The Ultimate: Blackstar

blackstar-coverA Review of David Bowie’s Final Album

I finally brought myself to listen straight through to David Bowie’s last album, Blackstar.  It’s a brief farewell at 42 minutes, which is just about the amount of time I spend on a jogging route.  So, that was me, slowing to a walk at the road’s shoulder and looking a bit stricken, trying to regain a resting heartrate while Bowie, at the end, lamented that he “can’t give everything…away.”

Blaskstar doesn’t quite dazzle with lyric inventiveness, nor does it include the variation that marks those few perfect albums that we want to play, end to end, until we can’t take it anymore.  Still, the title song, a 10-minute opera, will not let you go.  Beginning with an overdubbed drone chant, it is a glowering rune, shot through with laser synth and a rattling snare that eventually gives way to tom work and a squawking tenor sax.  The sax (Donny McCaslin) is a recurring presence on the album, which feels right as a figuration of Bowie’s forceful and quicksilver persona: it pleads and gutters and trails off and tries again, entering through another door.  And unlike the keyboard or the guitar, the sax is generally capable of producing only one note at a time: the human voice, in all of its reedy, braying, simpering limitations.

The first half of “Blackstar” describes an obscure or invented ritual which will give mystical Bowie fans plenty of fodder for discussion in the years to come (“In the Villa of Ormen / stands a solitary candle […]”).  But at 4:21, a double fade briefly overlays the end of the chant with high, quivering strings, like a Hollywood fanfare, and we set—or so it would seem—on a melodic journey, a self-mythologizing narrative familiar from Ziggy Stardust days.  Only this time, the hero’s saga begins at the end—“Something happened on the day he died: / spirit rose a meter then stepped aside. / Somebody else took his place and bravely cried— / I’m a Blackstar, / I’m a Blackstar.’”  Nothing quite prepares you for the alien, injured, needy insistence of the refrain, which turns a story of ascendency into a parable of subjectivity and parasitic egotism.  The quest for self-definition, the fragile solipsism behind the realization that we all “want eagles in [our] daydreams and diamonds in [our] eyes”—in short, to be human, with a sense of meaning—weave their spell for a while, but they eventually wreck themselves against the nothingness of blackstar-ness, signaled by the return of the chant, another gorgeous and devastating turn.  One might almost stop here and be satisfied.

Two labored intakes of breath precede the straight-ahead, uptempo drumming of “‘Tis a Pity She Was a Whore,’” operating as a sort of misdirect—as though anything in a Bowie album might escape post-production.  As it turns out, the song has nothing to do with the incestuous relationship of the John Ford play from which it borrows its title.  Bowie explained that the song is a reflection, in part, on the Great War, but to my mind, a more psychologically precise comparison might be made to the exploits and demise of Mercutio, the rogue in Queen Mab glory.  This is the Mercutio who dubs Tybalt, the superior swordsman and means of Mercutio’s death, a “whore,” for making men lie down—in untimely death.  Like all rascals, Mercutio sees the end coming, but he is intent on having a laugh at death’s expense, which goes a long way toward explaining Bowie’s obvious relish and quavering falsetto in the refrain.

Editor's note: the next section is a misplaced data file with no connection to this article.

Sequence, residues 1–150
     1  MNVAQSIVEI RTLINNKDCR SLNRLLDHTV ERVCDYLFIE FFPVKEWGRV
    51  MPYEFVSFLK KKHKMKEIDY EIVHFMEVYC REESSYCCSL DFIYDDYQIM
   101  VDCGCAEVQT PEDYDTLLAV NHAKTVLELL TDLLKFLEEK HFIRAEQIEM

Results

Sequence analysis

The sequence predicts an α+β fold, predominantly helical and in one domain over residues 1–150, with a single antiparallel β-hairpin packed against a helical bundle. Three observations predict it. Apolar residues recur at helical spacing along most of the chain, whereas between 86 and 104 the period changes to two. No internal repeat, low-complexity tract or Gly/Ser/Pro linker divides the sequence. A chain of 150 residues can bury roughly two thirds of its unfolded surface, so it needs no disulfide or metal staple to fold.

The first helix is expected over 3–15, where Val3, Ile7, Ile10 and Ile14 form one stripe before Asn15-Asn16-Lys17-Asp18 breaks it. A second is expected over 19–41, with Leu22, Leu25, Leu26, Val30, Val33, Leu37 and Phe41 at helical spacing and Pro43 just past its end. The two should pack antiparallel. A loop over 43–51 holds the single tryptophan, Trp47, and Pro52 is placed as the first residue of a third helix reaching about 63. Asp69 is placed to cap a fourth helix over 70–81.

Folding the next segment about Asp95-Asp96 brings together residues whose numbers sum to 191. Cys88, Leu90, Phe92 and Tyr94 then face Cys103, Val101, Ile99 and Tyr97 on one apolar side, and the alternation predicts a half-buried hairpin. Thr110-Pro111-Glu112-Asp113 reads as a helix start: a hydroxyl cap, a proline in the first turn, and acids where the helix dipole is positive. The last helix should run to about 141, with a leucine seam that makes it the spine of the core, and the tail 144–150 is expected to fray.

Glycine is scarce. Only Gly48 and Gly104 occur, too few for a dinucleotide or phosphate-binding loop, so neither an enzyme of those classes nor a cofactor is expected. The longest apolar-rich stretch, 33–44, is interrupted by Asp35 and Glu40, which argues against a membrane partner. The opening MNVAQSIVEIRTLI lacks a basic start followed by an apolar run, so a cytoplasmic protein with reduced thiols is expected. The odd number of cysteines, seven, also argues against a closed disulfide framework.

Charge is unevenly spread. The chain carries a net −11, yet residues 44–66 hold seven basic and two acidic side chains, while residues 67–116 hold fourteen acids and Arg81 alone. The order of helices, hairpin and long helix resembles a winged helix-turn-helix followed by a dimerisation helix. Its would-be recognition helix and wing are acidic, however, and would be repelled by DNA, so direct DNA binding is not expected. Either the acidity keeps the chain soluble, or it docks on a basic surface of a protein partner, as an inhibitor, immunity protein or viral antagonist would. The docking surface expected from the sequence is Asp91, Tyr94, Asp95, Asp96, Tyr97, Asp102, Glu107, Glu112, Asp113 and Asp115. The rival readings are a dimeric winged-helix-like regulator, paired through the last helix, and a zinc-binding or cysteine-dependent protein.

For those of us who absorbed news of Bowie’s death on the Internet, how can we separate the music from the imagery Bowie provided for us in the music video of “Lazarus,” which dropped alongside the album?  I will only say that I prefer to experience the tremendous, arcing glissandos of brass, buzzy woodwinds and distorted guitar with eyes closed.

It’s difficult not to see Blackstar exclusively through the lens of Bowie’s terminal illness, not the least because of the sober, minimalistic packaging, but there is plenty here that bespeaks a musician still very much in thrall with life, and making music as though it might go on forever.  There is “Girl Loves Me,” the playful send-up of tough culture written in Anthony Burgess’s invented language, Nadsat, which exclaims, amidst a litany of debauchery set to a predatory stomp, “Where the fuck did Monday go!?”  It seems life is slipping away for Alex and his droogs, their empty exploits developing a workaday senility that many of us more domesticated sorts can appreciate.  Then, there is the daytrippy banality of “Dollar Days,” with its steel string rhythm guitar, piano and orchestral strings contrasting bittersweetly with the “survival sex” and “foaming oligarchs.”  Bowie worked famously with decoupage and found text, but here, the tabloid snippets are a thin cover for profound connection, “the English evergreens I’m running to.”  It’s a lingering tribute to delights of the flesh: “Don’t believe for just one second I’m forgetting you. / I’m trying to. / I’m dying to.”

Which brings us to the final song we will have from Bowie, in which he comes as close as he does to earnest crooning, against brisk drums and harmonica, sax and guitar solos.  You will swear that William Blake just breezed through the twenty-first century:

 

I know something’s very wrong.
The pulse returns the prodigal sons.
With blackout hearts, with flowered news,
with skull designs upon my shoes.
I can’t give everything away.

 

As a mortal, Bowie is, like us mitigated to a body that will deceive him.  We may imagine what songs he might have written yet, but how likely is it that he would have eclipsed this final, brilliant flaring?  In stretching musical genre, periodically reinventing himself and continually expanding the definition of performance, he gave away—and gave us—more than we could have imagined.

 

 

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